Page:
April 3, 2011

MVP Profile: Ken Anderson, 1981

Quarterback, Cincinnati Bengals

Age: 32
11th season in pro football & with Bengals
College: Augustana (Illinois)
Height: 6’2” Weight: 212

Anderson was chosen by the Bengals in the third round of the 1971 NFL draft, despite coming from a small college, and took over as starting quarterback in his second season. Mobile and intelligent, he also adapted well to QB coach Bill Walsh’s early version of the West Coast passing attack with short timing passes. Anderson led the NFL in passing, passing yards, and yards per attempt in 1974 and ’75, as well as completion percentage in ’74, and was selected to the Pro Bowl in 1975 and ’76. The team regularly contended during that period, but through coaching changes and attrition, the Bengals slumped later in the decade and Anderson, who also battled injuries, even briefly lost his job during the 1980 season.

1981 Season Summary
Appeared and started in all 16 games
[Bracketed numbers indicate league rank in Top 20]

Attempts – 479 [9]
Most attempts, game – 52 at Houston 10/4
Completions – 300 [5]
Most completions, game – 30 at Houston 10/4
Yards – 3754 [5]
Most yards, game – 396 vs. Denver 11/22
Completion percentage – 62.6 [2, 1st in AFC]
Yards per attempt – 7.8 [6]
TD passes – 29 [3]
Most TD passes, game – 4 at Cleveland 11/29
Interceptions – 10
Most interceptions, game – 2 vs. Seattle 9/6, vs. San Francisco 12/6
Passer rating – 98.4 [1]
300-yard passing games – 3
200-yard passing games – 12

Attempts – 46
Most attempts, game - 8 (for 37 yds.) at Pittsburgh 12/13
Yards – 320
Most yards, game – 58 yards (on 4 carries) vs. LA Rams 11/15
Average gain – 7.0
TDs – 1

TDs – 1
Points - 6

Postseason: 3 G
Pass attempts – 77
Most pass attempts, game – 34 vs. San Francisco, Super Bowl
Pass completions – 53
Most pass completions, game – 25 vs. San Francisco, Super Bowl
Passing yardage – 653
Most passing yards, game – 300 vs. San Francisco, Super Bowl
TD passes – 5
Most TD passes, game – 2 vs. San Diego, AFC Championship, vs. San Francisco, Super Bowl
Interceptions – 2
Most interceptions, game – 2 vs. San Francisco, Super Bowl

Rushing attempts – 11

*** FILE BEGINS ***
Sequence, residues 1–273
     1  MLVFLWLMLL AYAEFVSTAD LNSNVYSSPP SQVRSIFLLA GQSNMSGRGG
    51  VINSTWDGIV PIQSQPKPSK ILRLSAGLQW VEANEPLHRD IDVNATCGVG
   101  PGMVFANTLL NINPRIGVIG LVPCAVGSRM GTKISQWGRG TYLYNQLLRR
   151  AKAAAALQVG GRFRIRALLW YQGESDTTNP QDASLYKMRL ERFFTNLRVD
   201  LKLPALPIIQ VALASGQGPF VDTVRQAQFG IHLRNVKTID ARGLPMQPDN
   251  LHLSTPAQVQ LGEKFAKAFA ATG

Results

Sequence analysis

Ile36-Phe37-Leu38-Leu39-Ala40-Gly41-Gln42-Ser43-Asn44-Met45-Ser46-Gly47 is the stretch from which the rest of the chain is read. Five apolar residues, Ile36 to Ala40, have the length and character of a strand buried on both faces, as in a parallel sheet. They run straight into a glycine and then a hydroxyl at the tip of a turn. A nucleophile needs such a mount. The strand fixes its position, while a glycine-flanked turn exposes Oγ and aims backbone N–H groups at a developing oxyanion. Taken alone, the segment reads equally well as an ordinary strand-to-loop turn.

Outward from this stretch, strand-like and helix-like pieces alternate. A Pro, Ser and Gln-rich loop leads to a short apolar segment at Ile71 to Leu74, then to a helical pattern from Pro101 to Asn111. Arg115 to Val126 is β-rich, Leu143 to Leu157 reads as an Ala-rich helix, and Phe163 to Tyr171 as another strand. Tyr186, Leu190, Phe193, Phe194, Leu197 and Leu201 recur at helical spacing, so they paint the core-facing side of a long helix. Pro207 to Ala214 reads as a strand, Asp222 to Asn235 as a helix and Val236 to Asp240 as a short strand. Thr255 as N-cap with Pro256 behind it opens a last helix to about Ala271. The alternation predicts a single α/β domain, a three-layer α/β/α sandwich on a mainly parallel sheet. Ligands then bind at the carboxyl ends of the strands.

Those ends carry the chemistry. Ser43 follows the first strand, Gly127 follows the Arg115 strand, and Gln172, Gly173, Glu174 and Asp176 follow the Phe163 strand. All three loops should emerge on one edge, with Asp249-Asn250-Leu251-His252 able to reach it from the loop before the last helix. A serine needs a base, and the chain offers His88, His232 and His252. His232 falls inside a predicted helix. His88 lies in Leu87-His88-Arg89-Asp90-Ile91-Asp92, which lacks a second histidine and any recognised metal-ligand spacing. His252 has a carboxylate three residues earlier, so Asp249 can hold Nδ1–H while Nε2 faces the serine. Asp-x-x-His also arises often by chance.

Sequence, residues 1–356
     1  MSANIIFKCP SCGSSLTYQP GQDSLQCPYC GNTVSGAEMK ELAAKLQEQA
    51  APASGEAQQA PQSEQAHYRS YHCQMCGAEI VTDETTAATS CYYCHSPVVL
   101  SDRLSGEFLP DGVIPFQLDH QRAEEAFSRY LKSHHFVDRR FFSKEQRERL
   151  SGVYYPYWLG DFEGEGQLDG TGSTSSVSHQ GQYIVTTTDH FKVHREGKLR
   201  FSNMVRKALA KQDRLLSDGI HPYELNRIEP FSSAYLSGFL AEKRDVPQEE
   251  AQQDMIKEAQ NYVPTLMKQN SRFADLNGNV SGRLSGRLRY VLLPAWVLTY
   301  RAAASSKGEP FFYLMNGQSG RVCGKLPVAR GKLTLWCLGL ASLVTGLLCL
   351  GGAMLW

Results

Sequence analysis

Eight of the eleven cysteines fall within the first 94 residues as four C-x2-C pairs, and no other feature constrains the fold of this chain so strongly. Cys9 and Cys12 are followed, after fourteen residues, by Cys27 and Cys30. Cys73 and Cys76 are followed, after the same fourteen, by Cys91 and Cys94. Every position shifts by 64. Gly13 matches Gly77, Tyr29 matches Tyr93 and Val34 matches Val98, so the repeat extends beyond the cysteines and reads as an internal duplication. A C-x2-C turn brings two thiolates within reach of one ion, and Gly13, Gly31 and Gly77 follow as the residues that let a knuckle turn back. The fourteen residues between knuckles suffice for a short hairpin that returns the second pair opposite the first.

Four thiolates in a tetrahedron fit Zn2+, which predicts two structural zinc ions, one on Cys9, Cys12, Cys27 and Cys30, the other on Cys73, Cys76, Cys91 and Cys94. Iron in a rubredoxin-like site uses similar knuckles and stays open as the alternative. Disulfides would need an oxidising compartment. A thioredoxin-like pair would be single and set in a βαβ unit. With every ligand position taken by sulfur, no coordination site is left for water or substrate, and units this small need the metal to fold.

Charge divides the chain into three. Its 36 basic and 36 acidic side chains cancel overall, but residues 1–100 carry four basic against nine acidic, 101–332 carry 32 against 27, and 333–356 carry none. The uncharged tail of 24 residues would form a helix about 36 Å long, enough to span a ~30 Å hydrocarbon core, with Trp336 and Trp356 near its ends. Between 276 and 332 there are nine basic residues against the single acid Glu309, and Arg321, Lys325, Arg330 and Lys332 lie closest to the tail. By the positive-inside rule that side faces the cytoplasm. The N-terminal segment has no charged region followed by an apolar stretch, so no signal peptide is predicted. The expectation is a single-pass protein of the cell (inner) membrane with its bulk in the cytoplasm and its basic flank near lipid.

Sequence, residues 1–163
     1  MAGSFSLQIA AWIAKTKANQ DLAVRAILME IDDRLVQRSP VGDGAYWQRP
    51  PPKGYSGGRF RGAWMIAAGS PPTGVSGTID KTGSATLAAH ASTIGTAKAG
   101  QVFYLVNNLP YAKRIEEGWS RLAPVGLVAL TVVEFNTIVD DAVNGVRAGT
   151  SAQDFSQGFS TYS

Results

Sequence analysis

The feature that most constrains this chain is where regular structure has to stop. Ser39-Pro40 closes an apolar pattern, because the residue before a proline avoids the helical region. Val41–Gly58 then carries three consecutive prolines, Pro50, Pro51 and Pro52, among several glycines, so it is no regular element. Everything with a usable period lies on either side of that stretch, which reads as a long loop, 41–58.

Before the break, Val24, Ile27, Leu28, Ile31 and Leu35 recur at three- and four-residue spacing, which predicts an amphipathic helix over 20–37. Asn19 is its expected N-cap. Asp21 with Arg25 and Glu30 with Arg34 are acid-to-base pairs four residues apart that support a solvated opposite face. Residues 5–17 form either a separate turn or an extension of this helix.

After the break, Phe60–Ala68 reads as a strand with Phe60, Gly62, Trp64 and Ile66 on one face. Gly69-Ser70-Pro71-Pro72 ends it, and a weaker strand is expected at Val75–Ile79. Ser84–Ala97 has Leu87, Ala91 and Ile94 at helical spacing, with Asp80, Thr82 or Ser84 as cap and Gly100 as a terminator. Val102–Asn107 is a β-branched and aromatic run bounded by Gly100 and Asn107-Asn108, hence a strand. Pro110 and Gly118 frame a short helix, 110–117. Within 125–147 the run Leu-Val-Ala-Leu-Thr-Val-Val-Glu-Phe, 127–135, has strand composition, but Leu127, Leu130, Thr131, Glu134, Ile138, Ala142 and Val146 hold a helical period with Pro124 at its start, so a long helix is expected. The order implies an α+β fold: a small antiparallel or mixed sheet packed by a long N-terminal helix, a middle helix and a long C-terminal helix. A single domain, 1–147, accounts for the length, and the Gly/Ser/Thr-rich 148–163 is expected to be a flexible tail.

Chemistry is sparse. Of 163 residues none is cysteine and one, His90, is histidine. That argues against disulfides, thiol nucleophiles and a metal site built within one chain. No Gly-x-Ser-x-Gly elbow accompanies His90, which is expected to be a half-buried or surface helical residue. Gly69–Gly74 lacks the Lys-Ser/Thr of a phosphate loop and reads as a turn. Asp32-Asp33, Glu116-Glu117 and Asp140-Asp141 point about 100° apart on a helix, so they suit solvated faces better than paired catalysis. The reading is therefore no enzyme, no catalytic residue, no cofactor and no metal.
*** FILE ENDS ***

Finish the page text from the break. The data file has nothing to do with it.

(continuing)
Most rushing attempts, game – 5 vs. San Diego, AFC Championship
Rushing yards – 69
Most rushing yards, game – 39 vs. San Diego, AFC Championship
Average gain rushing – 6.3
Rushing TDs – 1

Awards & Honors:
NFL MVP: AP, PFWA, NEA, Bert Bell Award, Sporting News
NFL Offensive Player of the Year: AP
1st team All-NFL: AP, PFW, NEA, Pro Football Weekly, Sporting News
1st team All-AFC: UPI, Pro Football Weekly
Pro Bowl

Bengals went 12-4 to win AFC Central with best record in conference. Won Divisional playoff over Buffalo Bills (28-21) and AFC Championship over San Diego Chargers (27-7). Lost to San Francisco 49ers in Super Bowl (26-21).

Anderson again led the NFL in passing during the strike-shortened 1982 season (95.3) and completed a then-record 70.6 % of his passes. He led the league once more in completion percentage in ’83 (66.7) but after one last year as the starting quarterback, he backed up Boomer Esiason in 1985 and ’86, his last two seasons, all spent with the Bengals.


MVP Profiles feature players who were named MVP or Player of the Year in the NFL, AAFC (1946-49), AFL (1960-69), WFL (1974), or USFL (1983-85) by a recognized organization (Associated Press, Pro Football Writers Association, Newspaper Enterprise Association, United Press International, The Sporting News, Maxwell Club – Bert Bell Award, or the league itself).

[Updated 2/15/14]
[Updated 11/28/14]

1 comment:

  1. A great quarterback that took too long to hit his prime due to lack of a supporting cast. When the Bengals finally got a team around him in the early 80's he could throw (and run) with the best. Unfortunately by that time he was well into his thirties and had only a few more good years left in him before injuries and declining play forced his eventual replacement by Boomer Esiason, and eventually retired.